Now, there are some caveats to consider if we’re serious to embark on building a future for our kids instead of maintaining a today for us.
First of all, as we all know, the problems we face today require global collaboration. Unfortunately, we’ve come a little way to understand what makes cultures tick, how they’re formed and what makes them so salient that even today, after breaking many barriers that prevented communication in the past, people would still make decisions that fly in the face of any common sense or even put in danger human beings. Given that kids form mini-cultures as they grow up and interact with the groups they identify with, I think studying those mini cultures will go a long way in understanding not only cultures in general, but bring us closer in understanding how the mind works, what can cause bad behavior in certain people, how to help kids avoid such behavior, etc.
The next problem preventing us from effectively engaging with the new generation in fixing the problems endangering their future is that of education. As Sir Ken Robinson, along with many others have been repeatedly pointing out, the current education system was drawn up in the industrialization era and has rigidly served the purpose to educate the next generation of workers to enter the industrial system. It is a system in which creativity is not fostered and standardized knowledge is most prized. Already in today’s world where computer and communications technology is ever more pervasive the education system has become broken, while in the future in which innovative and creative thinking will be required to solve the global problems we’re already dealing with, the education system will become a liability!
Thirdly, even though we’re talking about a globally connected world, the fact is that a big number of the population is excluded from that picture as they live in poverty, with no access to clean drinking water and limited access to food! Beside being our moral obligation to help them, there’s a great potential in that population as a great number of them are children, which with proper education and access to the same technical and similar resources as the rest of us have can unlock a great new creative power — and innovative and creative minds will be the most wanted currency for the future!
I am sure there are many more problems that we need to understand and solve to secure a bright future that will belong to our kids, which is why I think a public and open forum to focus on those problems is what is needed! And we don’t need just any forum, but we need one that is already proven as a platform that can tap into an existing community to bring as many minds together as possible to discuss ideas and act on the best ones!
I think TED is just such a forum — much more than a forum, indeed — it is an open platform for sharing ideas, collaboration across the world, local community engagement and action!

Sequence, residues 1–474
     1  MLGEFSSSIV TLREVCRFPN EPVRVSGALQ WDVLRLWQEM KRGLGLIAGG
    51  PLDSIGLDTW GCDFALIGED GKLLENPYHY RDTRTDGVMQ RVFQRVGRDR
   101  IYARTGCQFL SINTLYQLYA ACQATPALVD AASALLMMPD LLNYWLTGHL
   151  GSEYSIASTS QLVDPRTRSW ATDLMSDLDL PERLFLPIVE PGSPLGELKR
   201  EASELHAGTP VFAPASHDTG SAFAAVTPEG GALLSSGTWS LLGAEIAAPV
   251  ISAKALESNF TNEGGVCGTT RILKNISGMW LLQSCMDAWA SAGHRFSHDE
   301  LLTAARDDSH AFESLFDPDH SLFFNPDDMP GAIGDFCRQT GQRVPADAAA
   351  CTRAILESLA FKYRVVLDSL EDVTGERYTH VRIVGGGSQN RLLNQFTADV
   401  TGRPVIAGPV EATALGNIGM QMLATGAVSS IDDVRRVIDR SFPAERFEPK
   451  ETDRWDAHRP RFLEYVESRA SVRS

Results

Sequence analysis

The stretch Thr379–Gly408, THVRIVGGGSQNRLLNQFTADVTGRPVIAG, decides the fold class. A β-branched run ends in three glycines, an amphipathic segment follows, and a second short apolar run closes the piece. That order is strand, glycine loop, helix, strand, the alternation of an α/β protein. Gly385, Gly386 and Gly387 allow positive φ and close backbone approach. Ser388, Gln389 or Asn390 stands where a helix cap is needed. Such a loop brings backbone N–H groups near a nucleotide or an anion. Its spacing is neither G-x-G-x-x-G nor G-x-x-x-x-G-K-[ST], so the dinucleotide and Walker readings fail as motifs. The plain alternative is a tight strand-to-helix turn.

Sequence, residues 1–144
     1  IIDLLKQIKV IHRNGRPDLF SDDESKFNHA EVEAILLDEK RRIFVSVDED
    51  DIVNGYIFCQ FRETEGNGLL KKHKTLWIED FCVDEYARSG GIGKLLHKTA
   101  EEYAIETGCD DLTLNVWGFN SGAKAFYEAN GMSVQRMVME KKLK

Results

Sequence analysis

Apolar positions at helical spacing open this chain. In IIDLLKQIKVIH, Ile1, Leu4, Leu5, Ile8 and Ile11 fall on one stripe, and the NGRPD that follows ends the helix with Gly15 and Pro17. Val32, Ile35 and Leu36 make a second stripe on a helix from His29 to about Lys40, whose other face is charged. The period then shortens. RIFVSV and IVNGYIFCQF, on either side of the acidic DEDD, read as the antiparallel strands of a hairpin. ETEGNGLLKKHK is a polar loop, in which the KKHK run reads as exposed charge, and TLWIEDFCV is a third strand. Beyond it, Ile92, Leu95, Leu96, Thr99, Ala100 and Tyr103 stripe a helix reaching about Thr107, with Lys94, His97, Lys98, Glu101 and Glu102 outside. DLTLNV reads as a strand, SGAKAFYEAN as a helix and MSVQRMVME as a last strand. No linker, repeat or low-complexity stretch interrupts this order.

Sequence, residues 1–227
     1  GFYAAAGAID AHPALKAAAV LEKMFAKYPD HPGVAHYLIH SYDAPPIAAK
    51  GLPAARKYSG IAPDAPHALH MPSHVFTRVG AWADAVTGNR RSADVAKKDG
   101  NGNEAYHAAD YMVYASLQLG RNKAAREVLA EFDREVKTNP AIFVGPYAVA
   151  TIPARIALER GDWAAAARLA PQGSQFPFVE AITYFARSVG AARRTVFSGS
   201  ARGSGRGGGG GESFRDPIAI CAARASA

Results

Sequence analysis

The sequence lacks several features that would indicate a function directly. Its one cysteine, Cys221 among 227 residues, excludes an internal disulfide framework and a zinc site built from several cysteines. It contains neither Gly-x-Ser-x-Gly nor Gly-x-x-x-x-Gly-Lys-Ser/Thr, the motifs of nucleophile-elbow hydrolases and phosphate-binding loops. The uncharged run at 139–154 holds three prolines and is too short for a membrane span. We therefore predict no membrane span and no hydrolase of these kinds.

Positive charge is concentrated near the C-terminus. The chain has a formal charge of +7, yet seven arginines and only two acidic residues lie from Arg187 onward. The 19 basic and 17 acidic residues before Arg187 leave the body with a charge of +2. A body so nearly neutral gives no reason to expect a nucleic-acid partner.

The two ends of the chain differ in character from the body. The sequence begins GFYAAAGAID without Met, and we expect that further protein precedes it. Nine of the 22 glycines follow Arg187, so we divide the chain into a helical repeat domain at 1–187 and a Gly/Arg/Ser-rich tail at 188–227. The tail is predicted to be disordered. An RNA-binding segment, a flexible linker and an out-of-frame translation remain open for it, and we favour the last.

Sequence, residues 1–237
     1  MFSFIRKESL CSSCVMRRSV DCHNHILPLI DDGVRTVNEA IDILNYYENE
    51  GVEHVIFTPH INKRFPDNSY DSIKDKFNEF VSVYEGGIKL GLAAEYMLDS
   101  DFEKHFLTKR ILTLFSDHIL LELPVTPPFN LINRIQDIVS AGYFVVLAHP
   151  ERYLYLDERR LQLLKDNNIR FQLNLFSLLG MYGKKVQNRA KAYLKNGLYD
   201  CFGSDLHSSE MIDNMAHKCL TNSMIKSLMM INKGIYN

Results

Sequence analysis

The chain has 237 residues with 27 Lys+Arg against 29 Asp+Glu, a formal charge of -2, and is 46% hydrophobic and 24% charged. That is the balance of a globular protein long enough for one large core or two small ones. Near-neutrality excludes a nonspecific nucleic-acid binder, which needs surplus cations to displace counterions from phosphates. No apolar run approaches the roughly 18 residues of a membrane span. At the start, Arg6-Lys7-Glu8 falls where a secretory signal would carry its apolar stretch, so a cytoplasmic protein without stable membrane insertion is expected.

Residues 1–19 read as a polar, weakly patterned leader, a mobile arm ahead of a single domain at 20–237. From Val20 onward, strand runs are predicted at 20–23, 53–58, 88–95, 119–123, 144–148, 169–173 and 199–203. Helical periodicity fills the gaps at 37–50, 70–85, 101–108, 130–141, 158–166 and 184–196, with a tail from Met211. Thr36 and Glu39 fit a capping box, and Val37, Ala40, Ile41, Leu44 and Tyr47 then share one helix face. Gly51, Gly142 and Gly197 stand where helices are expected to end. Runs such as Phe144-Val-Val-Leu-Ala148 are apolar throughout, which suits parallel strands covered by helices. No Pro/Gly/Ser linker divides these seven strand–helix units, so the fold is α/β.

I was motivated to write this article and put energy into engaging in bringing TED to consider supporting a new conference dedicated to the future of our children by the launch of TEDWomen during the 2010 TED Global in Oxford, held in Oxford in July. In the spirit of TEDWomen, I would like to call for action to organize a TEDChildren conference in which experts from many areas should be brought together along with kids from different places in the world and engage in discussion to understand the caveats I mentioned above and think of ideas to implement in securing a bright future for these kids.
Being a fan of platforms, I decided to also use Twitter as a way to bring attention to my call, so I created a @TEDChildren account, which I hope can attract enough followers and immediately start a discussion with the community in how to engage our children together with us in brightening back their future! If TEDChidren becomes reality, I hope @TEDChildren will continue to live on under the TED umbrella as a forum for further discussion and action! If you want to help, please connect to @TEDChildren and start tweeting about it! 😉
Why exactly TEDChildren? Because I think it is time we engage our kids into the discussion and make them part of the action. I believe that is the only way to secure a bright future for them! We, the current generation of adults, are still suffering from the legacy of the past, including our sense of group identity with the country or nationality we belong to, our fear that fixing the future would require letting go of our life comfort, our inertness in changing the systems that worked for us in the past, etc. I believe that bringing kids into the discussion will have a surrendering effect on some of those fears and unlock objective thoughts and ideas that may ( just may!) save the world for our children!